“You cannot swim for new horizons until you have courage to lose sight of the shore.”
By ONYEDIKA AGBEDO
The last minute withdrawal of popular hip-hop artist, Innocent Ujah Idibia, popularly known as ‘2face’ or ‘2baba’ from last Monday’s nationwide protest against the Federal Government, shocked his fans, whose moods were already on the upswing to join him in presenting a ‘yellow card’ to the government over the level of hardship in the country. Before then, 2face had identified with the protest to the extent that his name became synonymous with it. He was the focus of everyone who was concerned about the protest — promoters, antagonists and security agencies. Even the original initiators of the march, Enough is Enough, took a back backstage at some point and it was 2baba all the way.
In a statement he issued on Tuesday, January 31, where modalities for the protest were outlined, the hip-hop star declared: “The people have hoped for a better Nigeria since 1999 but things are not getting any better for the majority. We are still where we are – poor and desperate. I will no longer be quiet.”
But he chose to remain quiet at the eleventh hour. Who then silenced him after such a firm declaration? And how? Was the simple, usual warning by the police “to employ every possible legal means for the maintenance of law and order; and for the protection of lives and property” against the protest enough to force the volunteer activist back to his shell? Well, the information he made available to the public was that the protest was “under serious threat of hijack” and as result, he and his partners decided to cancel it to avoid loss of lives. But his partners went ahead with the protest unhindered in Lagos and Abuja, and with no records of violence; giving credence to speculations that 2baba was only conscripted to give it a face.
Truth is that TuFace had no record of activism before now. His lyrics have mainly been about love and romance, from African Queen to Can’t Hear You, The Best I Can Be, Let Somebody Love You, Kiss Of Life, Hate What You Do To Me, True Love, If Love Is A Crime, My Love and My Rainbow, among others. Those songs have brought him a lot of wealth, fame, comfort and international acclaim. So, why venture out from the opulent comfort his love songs have earned him into the rough and thorny path of activism? After all, Ernest Hemingway in his Men Without Women did point out that “the most painful thing is losing yourself in the process of loving someone too much, and forgetting that you are special too.” Yes, 2face dislikes the sufferings Nigerians are passing through today but he chose to obey that mean advice by Hemingway, and cut short his romance with activism when the people most needed it. His action reminds of the life and times of the late Afrobeat legend, Fela Anikulapo-Kuti, who used his music to speak against societal ills and champion the cause of the common man. If Fela were to be alive, and was involved, the protest would have served him an opportunity to release an instant ‘never-die’ lyric on the Nigeria of our times to the delight of his fans. But it was in him, simple!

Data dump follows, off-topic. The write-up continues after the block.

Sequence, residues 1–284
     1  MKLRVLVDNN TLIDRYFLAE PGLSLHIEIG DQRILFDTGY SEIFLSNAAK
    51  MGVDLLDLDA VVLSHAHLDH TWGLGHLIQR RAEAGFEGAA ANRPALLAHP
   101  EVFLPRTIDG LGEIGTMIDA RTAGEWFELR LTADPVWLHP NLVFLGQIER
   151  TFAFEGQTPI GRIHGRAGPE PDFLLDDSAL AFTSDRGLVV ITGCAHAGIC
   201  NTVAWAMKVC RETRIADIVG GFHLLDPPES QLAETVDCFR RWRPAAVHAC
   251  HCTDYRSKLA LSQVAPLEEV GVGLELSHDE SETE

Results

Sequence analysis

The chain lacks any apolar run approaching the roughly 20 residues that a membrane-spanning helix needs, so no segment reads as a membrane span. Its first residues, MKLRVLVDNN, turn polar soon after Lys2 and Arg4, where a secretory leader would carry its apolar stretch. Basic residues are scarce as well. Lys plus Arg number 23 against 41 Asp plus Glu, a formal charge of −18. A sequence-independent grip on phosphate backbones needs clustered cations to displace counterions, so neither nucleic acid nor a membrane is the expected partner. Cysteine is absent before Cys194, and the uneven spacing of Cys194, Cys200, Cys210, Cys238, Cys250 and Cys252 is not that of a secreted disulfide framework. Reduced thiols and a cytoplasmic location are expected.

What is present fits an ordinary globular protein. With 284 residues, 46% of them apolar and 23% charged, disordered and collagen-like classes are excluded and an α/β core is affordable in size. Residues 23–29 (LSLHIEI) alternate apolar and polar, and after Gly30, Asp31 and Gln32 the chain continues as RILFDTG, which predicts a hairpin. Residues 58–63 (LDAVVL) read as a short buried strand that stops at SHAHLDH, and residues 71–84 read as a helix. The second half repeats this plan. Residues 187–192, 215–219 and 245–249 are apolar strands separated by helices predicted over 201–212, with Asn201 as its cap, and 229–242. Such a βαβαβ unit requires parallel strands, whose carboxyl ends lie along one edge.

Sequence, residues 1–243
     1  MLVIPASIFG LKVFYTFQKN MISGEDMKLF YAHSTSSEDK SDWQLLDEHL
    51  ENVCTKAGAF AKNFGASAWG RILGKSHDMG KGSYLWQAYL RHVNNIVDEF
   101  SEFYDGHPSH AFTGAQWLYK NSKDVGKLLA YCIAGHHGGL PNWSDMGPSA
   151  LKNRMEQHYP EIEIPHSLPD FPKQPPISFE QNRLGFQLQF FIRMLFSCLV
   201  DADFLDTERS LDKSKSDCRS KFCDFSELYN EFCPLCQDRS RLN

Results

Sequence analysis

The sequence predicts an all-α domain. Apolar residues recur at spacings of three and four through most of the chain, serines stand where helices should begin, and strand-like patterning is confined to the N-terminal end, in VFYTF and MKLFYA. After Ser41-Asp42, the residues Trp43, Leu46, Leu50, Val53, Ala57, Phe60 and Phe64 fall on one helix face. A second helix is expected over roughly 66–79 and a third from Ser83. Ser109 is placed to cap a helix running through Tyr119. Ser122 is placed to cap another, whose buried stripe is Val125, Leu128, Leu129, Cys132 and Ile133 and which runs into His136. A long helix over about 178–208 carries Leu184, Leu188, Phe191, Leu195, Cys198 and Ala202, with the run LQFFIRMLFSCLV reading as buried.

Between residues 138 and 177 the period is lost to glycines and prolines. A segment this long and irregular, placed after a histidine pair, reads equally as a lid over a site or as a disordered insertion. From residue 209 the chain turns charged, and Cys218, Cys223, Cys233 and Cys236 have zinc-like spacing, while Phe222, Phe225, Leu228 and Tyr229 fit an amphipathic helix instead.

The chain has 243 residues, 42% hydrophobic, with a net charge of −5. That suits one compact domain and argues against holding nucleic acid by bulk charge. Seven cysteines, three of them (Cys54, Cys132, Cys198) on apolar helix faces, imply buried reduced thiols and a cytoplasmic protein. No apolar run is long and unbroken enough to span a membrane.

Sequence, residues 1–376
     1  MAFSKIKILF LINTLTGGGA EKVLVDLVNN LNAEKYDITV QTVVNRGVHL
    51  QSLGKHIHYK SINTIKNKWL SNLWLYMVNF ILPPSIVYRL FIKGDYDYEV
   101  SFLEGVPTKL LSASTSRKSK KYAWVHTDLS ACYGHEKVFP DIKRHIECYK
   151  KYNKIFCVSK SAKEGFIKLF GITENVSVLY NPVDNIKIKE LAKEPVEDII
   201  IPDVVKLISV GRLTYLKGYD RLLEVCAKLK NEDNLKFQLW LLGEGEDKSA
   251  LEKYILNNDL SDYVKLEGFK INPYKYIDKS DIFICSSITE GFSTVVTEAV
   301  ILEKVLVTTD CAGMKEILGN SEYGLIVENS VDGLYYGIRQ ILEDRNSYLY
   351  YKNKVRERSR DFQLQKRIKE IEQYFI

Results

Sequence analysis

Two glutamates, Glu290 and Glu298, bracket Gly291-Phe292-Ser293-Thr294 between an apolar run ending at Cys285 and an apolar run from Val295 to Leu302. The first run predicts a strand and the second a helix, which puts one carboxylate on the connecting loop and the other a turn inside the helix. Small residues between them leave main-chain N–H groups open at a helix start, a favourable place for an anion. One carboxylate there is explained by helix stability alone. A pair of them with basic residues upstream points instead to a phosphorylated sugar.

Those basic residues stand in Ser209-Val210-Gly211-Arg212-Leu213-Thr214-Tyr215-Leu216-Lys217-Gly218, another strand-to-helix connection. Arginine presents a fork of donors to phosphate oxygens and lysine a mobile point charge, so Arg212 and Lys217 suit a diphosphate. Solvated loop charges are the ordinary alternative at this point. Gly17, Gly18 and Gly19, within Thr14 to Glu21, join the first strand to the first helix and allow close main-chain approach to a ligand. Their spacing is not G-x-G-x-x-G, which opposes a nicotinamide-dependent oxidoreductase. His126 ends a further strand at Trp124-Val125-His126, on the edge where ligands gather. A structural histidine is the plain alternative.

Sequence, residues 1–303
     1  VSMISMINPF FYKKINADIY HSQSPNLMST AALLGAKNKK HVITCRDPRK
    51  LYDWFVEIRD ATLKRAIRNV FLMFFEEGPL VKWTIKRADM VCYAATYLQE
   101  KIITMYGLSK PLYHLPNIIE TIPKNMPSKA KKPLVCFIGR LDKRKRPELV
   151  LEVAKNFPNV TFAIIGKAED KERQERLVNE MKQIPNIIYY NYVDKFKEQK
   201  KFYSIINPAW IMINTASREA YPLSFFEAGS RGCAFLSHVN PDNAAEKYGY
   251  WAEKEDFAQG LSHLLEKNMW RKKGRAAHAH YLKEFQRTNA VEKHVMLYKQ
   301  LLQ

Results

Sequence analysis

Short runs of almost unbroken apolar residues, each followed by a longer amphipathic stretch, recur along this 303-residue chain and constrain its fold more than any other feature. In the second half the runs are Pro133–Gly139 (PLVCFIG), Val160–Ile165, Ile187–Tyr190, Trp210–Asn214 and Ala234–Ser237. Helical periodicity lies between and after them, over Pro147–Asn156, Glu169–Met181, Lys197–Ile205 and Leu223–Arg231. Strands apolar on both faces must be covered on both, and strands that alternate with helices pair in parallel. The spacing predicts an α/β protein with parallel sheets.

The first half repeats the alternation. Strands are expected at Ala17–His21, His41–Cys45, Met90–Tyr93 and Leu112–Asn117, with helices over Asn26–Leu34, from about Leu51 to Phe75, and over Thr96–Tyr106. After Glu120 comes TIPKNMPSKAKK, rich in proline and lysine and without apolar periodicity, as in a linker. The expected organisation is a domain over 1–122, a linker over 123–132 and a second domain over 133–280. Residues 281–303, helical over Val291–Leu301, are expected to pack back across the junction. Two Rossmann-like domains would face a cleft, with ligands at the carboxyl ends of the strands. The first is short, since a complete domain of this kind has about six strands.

Born in Jos, Plateau State, 2baba is one of the most decorated and successful Afro pop artists in Africa. He is from the Idoma ethnic group in the southern part of Benue State. He attended Saint Gabriela’s Secondary School in Makurdi, Benue State. He enrolled at Institute of Management and Technology (IMT), Enugu where he did his preliminary National Diploma course in Business Administration and Management. While at IMT, he started composing and singing jingles at the GB Fan Club at Enugu State Broadcasting Services (ESBS) in 1996. He performed at school-organised shows and parties, as well as other regional schools such as the University of Nigeria, Nsukka (UNN) and Enugu State University of Science and Technology (ESUT). He eventually dropped out to pursue his music career.
He later moved to Lagos and started performing with rapper Blackface Naija (Ahmedu Augustine Obiabo). With Blackface and Faze (Chibuzor Oji), he formed the band, Plantashun Boiz, and they released Body and Soul (2000) and Sold Out (2003). The group was disbanded in 2004 all band members pursued their separate musical careers. Since then, he has had a very successful musical career laced with many national and international awards.